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I am writing a nightly build script in bash.
Everything is fine and dandy except for one little snag:


for file in "$PATH_TO_SOMEWHERE"; do
      if [ -d $file ]
              # do something directory-ish
              if [ "$file" == "*.txt" ]       #  this is the snag
                     # do something txt-ish

My problem is determining the file extension and then acting accordingly. I know the issue is in the if-statement, testing for a txt file.

How can I determine if a file has a .txt suffix?

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This will break if you have a file with a space in its name. – jfgagne Aug 3 '11 at 12:11

9 Answers 9

up vote 73 down vote accepted

I think you want to say "Are the last four characters of $file equal to .txt?" If so, you can use the following:

if [ ${file: -4} == ".txt" ]

Note that the space between file: and -4 is required, as the ':-' modifier means something different.

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Kind of hacky, but it works! I am slightly worried because in Linux, giving a file extension of .txt doesnt make it a text file... but i think it should be fine. Thanks a lot – theman_on_vista Jan 2 '09 at 16:03
to that end, you can rename to command.txt on a windows machine too. – hometoast Jun 9 '09 at 18:10
If you want to specify an inequality, remember to include extra brackets: if [[ ${file: -4} != ".txt" ]] – Ram Rajamony Jul 20 '13 at 23:38


if [ "$file" == "*.txt" ]

like this:

if [[ $file == *.txt ]]

That is, double brackets and no quotes.

The right side of == is a shell pattern. If you need a regular expression, use =~ then.

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I didn't know about this. It seems to be a special case that the right-hand side of == or != is expanded as a shell pattern. Personally I think this is clearer than my answer. – Paul Stephenson Jun 11 '09 at 8:12
I am new to bash and it took me a little while to figure out how to use this in a multi conditional if statement. I am sharing it here in case it helps someone. if [[ ( $file == *.csv ) || ( $file == *.png ) ]] – cheflo Feb 7 at 1:09

You can use the "file" command if you actually want to find out information about the file rather than rely on the extensions.

If you feel comfortable with using the extension you can use grep to see if it matches.

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yes I am aware of the file command. I had actually tried matching based on the output of said command... but I fail horribly at these if-statements. – theman_on_vista Jan 2 '09 at 15:57

You just can't be sure on a Unix system, that a .txt file truly is a text file. Your best bet is to use "file". Maybe try using:

file -ib "$file"

Then you can use a list of MIME types to match against or parse the first part of the MIME where you get stuff like "text", "application", etc.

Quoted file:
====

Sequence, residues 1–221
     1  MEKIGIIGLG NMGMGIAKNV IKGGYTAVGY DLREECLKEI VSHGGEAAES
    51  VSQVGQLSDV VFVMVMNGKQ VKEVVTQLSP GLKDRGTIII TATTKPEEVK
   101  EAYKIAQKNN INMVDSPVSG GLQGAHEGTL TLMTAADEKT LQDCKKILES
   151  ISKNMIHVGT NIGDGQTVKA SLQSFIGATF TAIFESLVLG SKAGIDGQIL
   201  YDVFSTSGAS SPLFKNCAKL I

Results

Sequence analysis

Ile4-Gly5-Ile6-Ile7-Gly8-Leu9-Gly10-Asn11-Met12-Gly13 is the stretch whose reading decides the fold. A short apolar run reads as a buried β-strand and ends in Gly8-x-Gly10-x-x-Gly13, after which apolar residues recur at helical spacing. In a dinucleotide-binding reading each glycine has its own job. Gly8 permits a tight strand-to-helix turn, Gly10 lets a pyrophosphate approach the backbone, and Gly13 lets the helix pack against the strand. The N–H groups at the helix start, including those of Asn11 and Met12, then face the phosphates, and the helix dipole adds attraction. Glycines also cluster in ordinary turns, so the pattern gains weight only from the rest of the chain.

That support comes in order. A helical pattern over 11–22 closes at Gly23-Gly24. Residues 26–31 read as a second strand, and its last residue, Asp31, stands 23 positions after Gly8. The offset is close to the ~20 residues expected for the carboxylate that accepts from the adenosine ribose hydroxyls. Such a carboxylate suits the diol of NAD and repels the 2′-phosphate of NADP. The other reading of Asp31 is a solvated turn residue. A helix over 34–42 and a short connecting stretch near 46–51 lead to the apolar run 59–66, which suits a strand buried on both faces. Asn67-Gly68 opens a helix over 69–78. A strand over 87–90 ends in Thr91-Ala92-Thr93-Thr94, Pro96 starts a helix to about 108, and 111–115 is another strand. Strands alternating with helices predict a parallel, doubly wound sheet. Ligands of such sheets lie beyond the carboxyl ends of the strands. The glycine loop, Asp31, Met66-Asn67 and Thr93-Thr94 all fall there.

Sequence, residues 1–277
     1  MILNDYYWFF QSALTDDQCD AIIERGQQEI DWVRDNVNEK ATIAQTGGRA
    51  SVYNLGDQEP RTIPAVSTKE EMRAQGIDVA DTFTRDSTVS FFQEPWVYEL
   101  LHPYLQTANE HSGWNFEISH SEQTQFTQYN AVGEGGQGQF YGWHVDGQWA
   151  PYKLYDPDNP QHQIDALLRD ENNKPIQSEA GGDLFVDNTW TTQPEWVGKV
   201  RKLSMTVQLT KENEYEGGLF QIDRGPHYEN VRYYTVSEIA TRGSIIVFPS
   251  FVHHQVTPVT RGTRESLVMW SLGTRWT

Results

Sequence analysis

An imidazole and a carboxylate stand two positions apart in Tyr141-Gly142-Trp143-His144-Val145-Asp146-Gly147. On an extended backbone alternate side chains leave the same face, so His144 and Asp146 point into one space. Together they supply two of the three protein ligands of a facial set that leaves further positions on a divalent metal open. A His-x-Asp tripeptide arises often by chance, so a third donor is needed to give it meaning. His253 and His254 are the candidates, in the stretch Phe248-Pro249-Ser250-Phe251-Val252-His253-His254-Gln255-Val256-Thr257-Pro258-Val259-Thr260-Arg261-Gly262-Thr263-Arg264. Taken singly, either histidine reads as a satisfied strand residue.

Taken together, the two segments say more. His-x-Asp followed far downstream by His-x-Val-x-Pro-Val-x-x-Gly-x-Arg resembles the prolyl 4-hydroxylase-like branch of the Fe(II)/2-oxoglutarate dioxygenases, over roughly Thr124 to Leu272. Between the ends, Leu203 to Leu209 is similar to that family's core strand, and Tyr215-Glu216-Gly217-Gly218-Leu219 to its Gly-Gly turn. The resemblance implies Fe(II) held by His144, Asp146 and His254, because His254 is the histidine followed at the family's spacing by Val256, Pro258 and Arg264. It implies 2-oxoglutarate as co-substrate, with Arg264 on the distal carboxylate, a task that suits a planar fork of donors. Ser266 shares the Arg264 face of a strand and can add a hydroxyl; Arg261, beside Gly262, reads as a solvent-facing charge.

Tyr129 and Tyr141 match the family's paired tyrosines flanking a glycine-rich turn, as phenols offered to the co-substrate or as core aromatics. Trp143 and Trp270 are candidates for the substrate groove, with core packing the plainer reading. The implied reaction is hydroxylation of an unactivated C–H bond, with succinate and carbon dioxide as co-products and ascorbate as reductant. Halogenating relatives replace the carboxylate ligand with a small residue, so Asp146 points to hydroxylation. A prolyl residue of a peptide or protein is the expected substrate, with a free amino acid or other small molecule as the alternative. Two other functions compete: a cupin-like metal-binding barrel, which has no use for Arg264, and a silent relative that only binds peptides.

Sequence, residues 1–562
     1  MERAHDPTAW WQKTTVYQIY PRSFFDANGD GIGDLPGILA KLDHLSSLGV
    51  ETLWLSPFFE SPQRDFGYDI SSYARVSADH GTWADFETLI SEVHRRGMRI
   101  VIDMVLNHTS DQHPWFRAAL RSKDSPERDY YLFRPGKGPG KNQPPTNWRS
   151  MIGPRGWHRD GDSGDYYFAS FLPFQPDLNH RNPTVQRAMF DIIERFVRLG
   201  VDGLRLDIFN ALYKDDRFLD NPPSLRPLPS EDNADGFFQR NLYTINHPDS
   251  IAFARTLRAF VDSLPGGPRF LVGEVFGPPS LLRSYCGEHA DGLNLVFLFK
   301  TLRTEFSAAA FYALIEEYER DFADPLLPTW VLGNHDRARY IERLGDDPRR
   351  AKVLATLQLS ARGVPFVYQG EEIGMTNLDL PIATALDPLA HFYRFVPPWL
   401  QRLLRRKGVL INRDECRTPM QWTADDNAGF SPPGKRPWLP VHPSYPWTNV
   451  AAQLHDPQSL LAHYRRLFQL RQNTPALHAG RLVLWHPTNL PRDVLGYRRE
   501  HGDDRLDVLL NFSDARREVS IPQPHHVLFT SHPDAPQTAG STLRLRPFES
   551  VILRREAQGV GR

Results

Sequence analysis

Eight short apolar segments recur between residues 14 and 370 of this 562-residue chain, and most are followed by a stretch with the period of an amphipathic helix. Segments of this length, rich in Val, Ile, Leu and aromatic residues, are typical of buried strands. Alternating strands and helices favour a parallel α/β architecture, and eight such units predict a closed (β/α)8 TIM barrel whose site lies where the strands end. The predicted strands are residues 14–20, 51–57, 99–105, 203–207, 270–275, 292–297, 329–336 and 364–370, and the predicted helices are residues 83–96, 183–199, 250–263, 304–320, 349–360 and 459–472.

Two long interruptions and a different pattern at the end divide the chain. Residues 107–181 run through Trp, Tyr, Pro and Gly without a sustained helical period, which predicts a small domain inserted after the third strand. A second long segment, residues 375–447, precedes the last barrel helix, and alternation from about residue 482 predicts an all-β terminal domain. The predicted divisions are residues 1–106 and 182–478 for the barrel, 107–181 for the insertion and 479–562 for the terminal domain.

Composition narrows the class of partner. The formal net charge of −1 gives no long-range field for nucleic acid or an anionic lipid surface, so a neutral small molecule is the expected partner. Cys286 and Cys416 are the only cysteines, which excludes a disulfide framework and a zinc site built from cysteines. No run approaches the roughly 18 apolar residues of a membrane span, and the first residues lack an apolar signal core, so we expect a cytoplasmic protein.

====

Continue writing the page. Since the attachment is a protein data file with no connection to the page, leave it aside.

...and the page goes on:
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As file -i... includes the mime encoding, you can use file --mime-type -b ... – Wilf Jun 15 '14 at 11:04

You could also do:

   if [ "${FILE##*.}" = "txt" ]; then
       # operation for txt files here
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case $FILE in *.txt ) ... ;; esac would seem more robust and idiomatic. – tripleee Dec 29 '12 at 13:15

Similar to 'file', use the slightly simpler 'mimetype -b' which will work no matter the file extension.

if [ $(mimetype -b "$MyFile") == "text/plain" ]
  echo "this is a text file"
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I wrote a bash script that looks at the type of a file then copies it to a location, I use it to look through the videos I've watched online from my firefox cache:

# flvcache script


for f in `find $CACHE -size +$MINFILESIZE`
    a=$(file $f | cut -f2 -d ' ')
    o=$(basename $f)
    if [ "$a" = "Macromedia" ]
            cp "$f" "$OUTPUTDIR/$o"

nautilus  "$OUTPUTDIR"&

It uses similar ideas to those presented here, hope this is helpful to someone.

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I guess that '$PATH_TO_SOMEWHERE'is something like '<directory>/*'.

In this case, I would change the code to:

find <directory> -maxdepth 1 -type d -exec ... \;
find <directory> -maxdepth 1 -type f -name "*.txt" -exec ... \;

If you want to do something more complicated with the directory and text file names, you could:

find <directory> -maxdepth 1 -type d | while read dir; do echo $dir; ...; done
find <directory> -maxdepth 1 -type f -name "*.txt" | while read txtfile; do echo $txtfile; ...; done

If you have spaces in your file names, you could:

find <directory> -maxdepth 1 -type d | xargs ...
find <directory> -maxdepth 1 -type f -name "*.txt" | xargs ...
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These are great examples of how you do 'loops' in shell. Explicit for and while loops better be reserved for when the loop body needs to be more complex. – Georgi Kirilov Jan 9 '14 at 21:30

My take on it with cut

>cut -d'.' -f2<<<"hi_mom.txt"

My take on it with awk would be something like the following.

>FILE_EXT=$(awk -F'.' '{print $NF}' <<< $MY_DATA_FILE)
>if [ "sql" = "$FILE_EXT" ]
>   echo "file is sql"

>awk -F'.' '{print $NF}' <<eof
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There might be multiple dots in the filename. Cut sample takes the second section, not last. – akauppi Jul 10 '14 at 15:07

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